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College Debt

Student loan debt in the U.S. now totals more than $1.5 trillion, but students in some states are getting hit harder than others.

Students in the Northeast have the heaviest burdens. Nearly 75 percent of college graduates in New Hampshire have outstanding student loans and they owe an average of $36,367 — that's the highest rate in the country, according to the Institute for College Access and Success's 12th Annual Student Debt report.

The report, published annually, breaks down both the percentage of students carrying undergraduate student loan debt, and the average amount each graduate owed in every state (with the exception of North Dakota, where there was insufficient data). TICAS's report used the most up-to-date data based on the Class of 2016.

Pennsylvania, Connecticut, Delaware, Minnesota and Massachusetts rounded out the top six states with the highest average amount of undergraduate student debt: Recent grads in these states carry over $31,500 on average.

It makes sense that the Northeast states are carrying higher student loan debt, according to Adam Minksy a lawyer specializing in student loan law. "Certain states have less robust, affordable state education systems," Minsky tells CNBC Make It.

States like California and Florida have major state universities that are both affordable and prestigious, so many students end up going to these institutions and taking on less debt, Minsky says. However, states such as New Hampshire and Massachusetts host Ivy League schools — including Dartmouth College and Harvard University — as well as private universities that may be less affordable. And while several Ivy League schools offer generous financial aid packages, other elite, expensive private universities don't always offer the same level of suppor

But prioritizing basic needs is exactly what the Australian system does. The idea is that no one facing economic hardship should have to choose between paying student debt and paying for basic necessities. When earnings drop, loan payments drop immediately, allowing borrowers to devote their reduced budgets to essential needs. Borrowers don’t have to fill out an application, or even make a phone call, to get the payments stopped.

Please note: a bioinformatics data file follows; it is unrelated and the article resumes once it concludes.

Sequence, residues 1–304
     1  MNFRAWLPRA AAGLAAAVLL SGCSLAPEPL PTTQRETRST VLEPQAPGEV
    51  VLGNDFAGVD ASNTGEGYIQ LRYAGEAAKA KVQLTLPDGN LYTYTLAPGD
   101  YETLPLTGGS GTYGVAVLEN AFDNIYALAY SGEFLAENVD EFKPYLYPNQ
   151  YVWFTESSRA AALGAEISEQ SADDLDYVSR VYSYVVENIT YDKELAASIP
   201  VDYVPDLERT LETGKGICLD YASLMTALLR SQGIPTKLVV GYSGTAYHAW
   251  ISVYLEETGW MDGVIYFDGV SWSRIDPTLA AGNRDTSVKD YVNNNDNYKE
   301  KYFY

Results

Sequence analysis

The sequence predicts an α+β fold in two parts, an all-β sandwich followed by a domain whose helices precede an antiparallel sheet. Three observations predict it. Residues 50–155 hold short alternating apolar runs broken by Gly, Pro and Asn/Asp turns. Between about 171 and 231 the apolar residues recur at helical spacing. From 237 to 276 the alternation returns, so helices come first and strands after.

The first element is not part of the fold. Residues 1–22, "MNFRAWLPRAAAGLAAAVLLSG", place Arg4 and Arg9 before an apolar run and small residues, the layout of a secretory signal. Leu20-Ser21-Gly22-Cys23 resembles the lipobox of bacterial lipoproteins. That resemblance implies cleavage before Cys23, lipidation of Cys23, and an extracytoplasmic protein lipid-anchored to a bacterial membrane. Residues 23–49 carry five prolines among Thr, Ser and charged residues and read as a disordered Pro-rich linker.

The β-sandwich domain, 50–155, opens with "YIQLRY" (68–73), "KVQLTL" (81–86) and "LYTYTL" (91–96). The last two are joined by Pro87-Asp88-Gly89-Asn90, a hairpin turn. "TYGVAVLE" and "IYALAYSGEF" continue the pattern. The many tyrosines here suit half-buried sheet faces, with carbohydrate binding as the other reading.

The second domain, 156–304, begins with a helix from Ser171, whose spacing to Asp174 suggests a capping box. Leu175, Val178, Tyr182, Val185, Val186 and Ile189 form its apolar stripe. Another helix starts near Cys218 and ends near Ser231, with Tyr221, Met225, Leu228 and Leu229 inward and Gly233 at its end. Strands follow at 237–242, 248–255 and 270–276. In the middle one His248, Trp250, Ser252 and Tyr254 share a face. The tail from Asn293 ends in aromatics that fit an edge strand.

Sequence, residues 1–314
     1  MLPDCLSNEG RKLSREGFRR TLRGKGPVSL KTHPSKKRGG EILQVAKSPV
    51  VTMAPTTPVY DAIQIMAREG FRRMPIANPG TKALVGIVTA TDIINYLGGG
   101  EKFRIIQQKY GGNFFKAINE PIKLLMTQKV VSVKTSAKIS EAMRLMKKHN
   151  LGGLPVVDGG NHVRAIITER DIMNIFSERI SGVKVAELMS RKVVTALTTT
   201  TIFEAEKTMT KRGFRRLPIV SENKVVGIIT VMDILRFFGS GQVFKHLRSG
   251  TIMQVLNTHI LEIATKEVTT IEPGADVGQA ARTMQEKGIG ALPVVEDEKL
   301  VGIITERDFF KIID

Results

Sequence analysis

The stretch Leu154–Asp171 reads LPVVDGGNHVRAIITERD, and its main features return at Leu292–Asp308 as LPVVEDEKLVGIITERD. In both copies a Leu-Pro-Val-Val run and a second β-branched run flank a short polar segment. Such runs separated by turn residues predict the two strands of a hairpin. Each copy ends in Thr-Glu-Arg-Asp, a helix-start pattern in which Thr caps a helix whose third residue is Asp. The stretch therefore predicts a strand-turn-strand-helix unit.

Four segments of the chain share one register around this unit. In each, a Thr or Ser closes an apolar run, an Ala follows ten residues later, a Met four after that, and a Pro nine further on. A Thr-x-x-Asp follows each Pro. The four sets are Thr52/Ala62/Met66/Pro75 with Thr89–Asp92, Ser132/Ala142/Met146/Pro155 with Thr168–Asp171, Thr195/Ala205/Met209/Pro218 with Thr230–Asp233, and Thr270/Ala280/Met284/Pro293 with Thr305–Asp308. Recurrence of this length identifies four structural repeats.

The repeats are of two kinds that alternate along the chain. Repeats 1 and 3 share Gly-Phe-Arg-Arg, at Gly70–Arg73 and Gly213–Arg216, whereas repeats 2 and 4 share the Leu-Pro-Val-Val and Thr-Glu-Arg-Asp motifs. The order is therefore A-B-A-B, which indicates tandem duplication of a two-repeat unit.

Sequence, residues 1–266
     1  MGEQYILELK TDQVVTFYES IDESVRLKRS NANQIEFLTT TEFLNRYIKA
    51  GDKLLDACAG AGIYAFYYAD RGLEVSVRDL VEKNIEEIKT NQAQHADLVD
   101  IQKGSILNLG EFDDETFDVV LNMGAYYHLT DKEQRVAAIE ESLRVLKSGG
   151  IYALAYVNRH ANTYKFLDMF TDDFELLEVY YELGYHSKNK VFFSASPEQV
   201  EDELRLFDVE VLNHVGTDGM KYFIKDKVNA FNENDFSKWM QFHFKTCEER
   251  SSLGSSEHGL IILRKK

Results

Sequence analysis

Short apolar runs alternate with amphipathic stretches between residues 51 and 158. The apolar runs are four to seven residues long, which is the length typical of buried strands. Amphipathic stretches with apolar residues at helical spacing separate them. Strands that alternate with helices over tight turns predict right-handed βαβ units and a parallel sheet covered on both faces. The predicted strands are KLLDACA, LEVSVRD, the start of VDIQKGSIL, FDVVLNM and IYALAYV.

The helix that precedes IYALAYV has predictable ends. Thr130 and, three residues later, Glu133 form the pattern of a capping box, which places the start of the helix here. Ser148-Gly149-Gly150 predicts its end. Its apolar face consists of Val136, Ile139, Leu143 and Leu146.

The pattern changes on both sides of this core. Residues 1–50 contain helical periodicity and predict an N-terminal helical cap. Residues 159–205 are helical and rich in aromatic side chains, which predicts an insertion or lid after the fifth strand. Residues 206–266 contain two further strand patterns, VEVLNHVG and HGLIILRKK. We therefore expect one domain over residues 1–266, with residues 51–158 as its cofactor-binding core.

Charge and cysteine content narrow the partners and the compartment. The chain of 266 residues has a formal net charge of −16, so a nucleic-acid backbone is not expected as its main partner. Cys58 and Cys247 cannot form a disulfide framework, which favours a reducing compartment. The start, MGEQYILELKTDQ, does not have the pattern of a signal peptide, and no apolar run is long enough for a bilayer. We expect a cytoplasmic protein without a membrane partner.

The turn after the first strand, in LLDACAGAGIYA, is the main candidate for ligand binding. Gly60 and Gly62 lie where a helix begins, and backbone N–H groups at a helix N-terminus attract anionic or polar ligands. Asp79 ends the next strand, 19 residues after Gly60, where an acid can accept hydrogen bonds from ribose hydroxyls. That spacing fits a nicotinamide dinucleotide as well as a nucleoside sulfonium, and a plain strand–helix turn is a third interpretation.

In the United States, student loan bills keep coming, no matter how small the paycheck. It’s up to borrowers to apply for a reprieve if their financial situation worsens. Getting on an income-based repayment plan depends on working with a loan servicer to complete a 12-page application. As shown by the Consumer Financial Protection Bureau, this is often a bumpy process that can take months. In the meantime, the bills keep coming — and millions of borrowers end up in default.​

An even better solution would be a United Way model. The United Way has been such a success in corporate America because it simplifies donating, offering companies a streamlined way to ensure their contributions go to productive charities. It also allows companies to engage in some friendly philanthropic competition.

Finally, philanthropists need to lobby universities, wag a finger at those that waste money and gently threaten to look for entry-level employees elsewhere and redirect any philanthropic donations.

I’m not advocating for a boycott, which would be harsh and counterproductive. As business leaders, it’s not only ethical but also in our best interest to support an educated populace. Then again, we don’t like spending money on poor returns, so we shouldn’t give blindly to our alma maters just because we spent a few years there. We need to insist on consequences for those who misuse our money.

DMU Timestamp: September 17, 2018 17:21

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